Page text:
October is Breast Cancer Awareness Month: Are you Breast Aware?

breast cancer

It’s the PINK MONTH again. We see pink ribbons, pink shoes on football players and invitations to do Pink Charity events. And to bring it even closer to our attention, one of our favorite celebs, Julia Louise Dreyfus, recently announced, “One in eight women get breast cancer. Today, I am The One.”

It’s difficult to stop and really ‘bring it home.’ As with Julia, almost 360K new cases of breast cancer will be diagnosed this year. There’s not one of us untouched, whether it’s already your own experience or the journey of someone you hold dear. But, although it’s the most common cancer in women, there are 3.5 million survivors living today. They are not just surviving, but thriving, more than in any other cancer group.

So, let’s take a quick look at why there’s such a success rate. We are empowered to face this disease head on. There’s more research based information now than ever on prevention, early detection, diagnosis, and treatment options.

So, where do we begin?

As Joan Lunden, a breast cancer survivor and thriver celebrating 10 years of NED (NO EVIDENCE DETECTION) preaches, “Be breast aware.”

Awareness begins with understanding our risk factors and taking action.

Some factors, such as lifestyle, can be changed with choices. Others, such as genetics, cannot; but with today’s advances, can be reduced.

Here are a few established risk factors according to www.breastcancer.org.

  • LIFESTYLE: Lack of exercise or a nutrient rich diet, not maintaining a healthy weight or restricting alcohol, smoking, and stress, all which affect hormone balance.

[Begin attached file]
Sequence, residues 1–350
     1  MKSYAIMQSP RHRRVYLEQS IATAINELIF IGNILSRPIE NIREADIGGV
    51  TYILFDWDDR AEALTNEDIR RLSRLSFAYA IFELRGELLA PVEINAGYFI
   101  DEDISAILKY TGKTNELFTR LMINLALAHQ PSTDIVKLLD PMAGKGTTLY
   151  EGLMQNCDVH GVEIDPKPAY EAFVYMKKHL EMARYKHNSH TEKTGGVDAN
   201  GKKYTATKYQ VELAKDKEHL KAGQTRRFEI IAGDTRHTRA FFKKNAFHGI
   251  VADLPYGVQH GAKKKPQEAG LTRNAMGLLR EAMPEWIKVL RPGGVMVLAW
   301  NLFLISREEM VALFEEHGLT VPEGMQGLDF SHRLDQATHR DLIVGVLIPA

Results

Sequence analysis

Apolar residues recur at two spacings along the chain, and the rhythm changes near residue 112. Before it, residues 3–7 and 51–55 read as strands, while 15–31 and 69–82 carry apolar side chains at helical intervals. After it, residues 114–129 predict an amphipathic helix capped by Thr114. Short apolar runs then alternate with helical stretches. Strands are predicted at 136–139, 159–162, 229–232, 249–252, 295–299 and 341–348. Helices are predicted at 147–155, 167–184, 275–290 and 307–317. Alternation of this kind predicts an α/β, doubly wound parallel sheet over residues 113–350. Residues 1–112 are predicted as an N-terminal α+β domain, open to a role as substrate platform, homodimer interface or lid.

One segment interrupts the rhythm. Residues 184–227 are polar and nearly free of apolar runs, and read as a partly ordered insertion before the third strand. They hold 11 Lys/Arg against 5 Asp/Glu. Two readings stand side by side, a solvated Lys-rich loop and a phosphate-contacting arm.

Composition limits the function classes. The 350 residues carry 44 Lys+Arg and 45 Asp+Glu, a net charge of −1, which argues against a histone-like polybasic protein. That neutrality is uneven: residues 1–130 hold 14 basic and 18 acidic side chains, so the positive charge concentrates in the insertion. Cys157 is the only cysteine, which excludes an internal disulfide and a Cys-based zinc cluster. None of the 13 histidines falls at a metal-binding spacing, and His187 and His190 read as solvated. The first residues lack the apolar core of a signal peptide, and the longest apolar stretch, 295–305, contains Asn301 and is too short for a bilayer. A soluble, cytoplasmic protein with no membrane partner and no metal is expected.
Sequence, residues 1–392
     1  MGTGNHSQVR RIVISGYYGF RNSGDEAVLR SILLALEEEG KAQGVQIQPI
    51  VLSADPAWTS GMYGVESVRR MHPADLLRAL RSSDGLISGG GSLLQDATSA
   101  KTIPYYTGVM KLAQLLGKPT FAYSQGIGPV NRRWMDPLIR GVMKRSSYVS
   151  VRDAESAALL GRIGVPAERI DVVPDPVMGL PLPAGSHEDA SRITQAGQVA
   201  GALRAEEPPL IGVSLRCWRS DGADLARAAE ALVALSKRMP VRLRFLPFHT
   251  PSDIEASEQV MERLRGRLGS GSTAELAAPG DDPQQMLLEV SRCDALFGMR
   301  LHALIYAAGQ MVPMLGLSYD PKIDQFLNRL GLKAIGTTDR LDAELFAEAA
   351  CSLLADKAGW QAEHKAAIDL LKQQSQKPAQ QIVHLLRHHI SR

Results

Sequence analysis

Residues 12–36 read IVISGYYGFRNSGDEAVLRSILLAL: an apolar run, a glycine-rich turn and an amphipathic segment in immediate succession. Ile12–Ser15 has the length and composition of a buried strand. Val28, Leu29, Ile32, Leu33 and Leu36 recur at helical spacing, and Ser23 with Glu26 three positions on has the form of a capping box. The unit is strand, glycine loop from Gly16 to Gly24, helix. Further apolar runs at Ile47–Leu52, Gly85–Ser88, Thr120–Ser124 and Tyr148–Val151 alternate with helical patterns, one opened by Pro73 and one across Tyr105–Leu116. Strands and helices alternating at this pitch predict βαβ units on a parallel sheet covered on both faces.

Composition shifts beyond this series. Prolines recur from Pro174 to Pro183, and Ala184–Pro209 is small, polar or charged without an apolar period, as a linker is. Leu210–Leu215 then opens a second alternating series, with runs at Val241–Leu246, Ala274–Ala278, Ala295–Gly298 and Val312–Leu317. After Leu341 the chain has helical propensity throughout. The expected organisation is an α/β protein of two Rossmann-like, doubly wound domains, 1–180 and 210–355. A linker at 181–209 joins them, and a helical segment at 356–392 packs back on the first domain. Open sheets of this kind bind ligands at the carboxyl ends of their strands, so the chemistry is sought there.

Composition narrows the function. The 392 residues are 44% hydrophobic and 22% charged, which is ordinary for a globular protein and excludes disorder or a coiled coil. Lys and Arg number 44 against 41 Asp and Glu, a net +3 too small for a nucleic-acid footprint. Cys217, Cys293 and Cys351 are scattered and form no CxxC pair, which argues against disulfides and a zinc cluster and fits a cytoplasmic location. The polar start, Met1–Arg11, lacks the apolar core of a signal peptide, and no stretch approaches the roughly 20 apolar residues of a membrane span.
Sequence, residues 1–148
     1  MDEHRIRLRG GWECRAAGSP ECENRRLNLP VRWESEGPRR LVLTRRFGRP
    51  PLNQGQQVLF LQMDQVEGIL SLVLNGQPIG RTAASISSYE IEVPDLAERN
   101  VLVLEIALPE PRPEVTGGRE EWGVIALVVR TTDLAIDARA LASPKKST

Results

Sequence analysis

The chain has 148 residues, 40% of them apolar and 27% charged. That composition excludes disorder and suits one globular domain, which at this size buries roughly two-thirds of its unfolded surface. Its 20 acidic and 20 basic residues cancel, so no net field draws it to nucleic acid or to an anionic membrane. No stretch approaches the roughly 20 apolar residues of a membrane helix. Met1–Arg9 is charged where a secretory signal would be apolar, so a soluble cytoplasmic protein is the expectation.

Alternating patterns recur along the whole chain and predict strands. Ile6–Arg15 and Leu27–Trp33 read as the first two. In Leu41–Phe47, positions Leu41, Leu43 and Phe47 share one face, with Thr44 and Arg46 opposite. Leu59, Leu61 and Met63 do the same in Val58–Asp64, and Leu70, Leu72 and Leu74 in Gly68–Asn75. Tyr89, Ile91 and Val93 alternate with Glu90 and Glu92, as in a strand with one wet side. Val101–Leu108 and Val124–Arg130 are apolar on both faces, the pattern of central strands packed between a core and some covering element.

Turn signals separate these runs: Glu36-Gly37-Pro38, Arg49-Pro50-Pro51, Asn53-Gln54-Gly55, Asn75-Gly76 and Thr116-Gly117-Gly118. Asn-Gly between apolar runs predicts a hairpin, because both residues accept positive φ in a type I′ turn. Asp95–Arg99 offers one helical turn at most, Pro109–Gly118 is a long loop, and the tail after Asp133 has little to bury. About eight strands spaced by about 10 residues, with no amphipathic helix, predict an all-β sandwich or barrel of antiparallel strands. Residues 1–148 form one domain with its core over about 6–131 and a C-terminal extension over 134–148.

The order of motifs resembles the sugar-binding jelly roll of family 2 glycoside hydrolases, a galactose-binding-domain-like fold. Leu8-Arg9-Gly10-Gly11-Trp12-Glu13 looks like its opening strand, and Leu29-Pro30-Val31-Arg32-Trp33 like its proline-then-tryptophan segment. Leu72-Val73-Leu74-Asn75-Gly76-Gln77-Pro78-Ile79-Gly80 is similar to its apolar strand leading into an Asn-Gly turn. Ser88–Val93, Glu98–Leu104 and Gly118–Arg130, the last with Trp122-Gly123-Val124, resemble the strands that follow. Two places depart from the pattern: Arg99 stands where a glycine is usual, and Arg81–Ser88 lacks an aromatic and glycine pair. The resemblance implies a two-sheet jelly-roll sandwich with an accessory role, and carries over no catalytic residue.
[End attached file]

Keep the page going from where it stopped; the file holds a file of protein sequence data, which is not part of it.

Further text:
• FAMILY HISTORY: If you have a sister, mother, or daughter diagnosed, the risk is doubled. 75% of diagnosis have NO family history.
  • GENETICS: 5 to 10% of cases are thought to be hereditary, with the gene passed down from parent to child.
  • AGE: 2 out of 3 cases of invasive breast cancer are in women 55 and older.

Two new emerging risk factors:

  • LOW VITAMIN D LEVELS: Vitamin D may play a role in normal breast cell growth.
  • CHEMICAL EXPOSURE: Limiting chemical exposure to not only pesticides, but to chemicals in food, cosmetics, plastics and water may decrease risk.

Breast Awareness, in essence, includes proactive risk management, regular self-checks and yearly screenings, such as mammography. Conversations with your doctor about what’s available for your personal profile gives you the power to protect your health.

To be more breast aware, take a more in-depth look at risk factors, diagnosis, and treatments at  www.breastcancer.org

Think Pink, Live Green: A Step-by-Step Guide to Reducing Your Risk of Breast Cancer teaches you the biology of breast development and how modern life affects breast cancer risk. Order a free booklet by mail or download the PDF of the booklet to learn 31 risk-reducing steps you can take today.

For more resources and to get involved: www.Komen.org 

Low income or underinsured?  www.bridgebreast.org

In the U.K., find resources at Breast Cancer Care.